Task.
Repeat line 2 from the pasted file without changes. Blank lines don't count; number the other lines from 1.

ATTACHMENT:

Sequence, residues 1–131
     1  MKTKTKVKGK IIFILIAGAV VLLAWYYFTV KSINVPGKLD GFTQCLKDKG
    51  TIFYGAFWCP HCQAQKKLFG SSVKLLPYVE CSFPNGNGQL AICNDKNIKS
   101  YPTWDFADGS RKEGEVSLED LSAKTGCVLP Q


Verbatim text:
     1  MKTKTKVKGK IIFILIAGAV VLLAWYYFTV KSINVPGKLD GFTQCLKDKG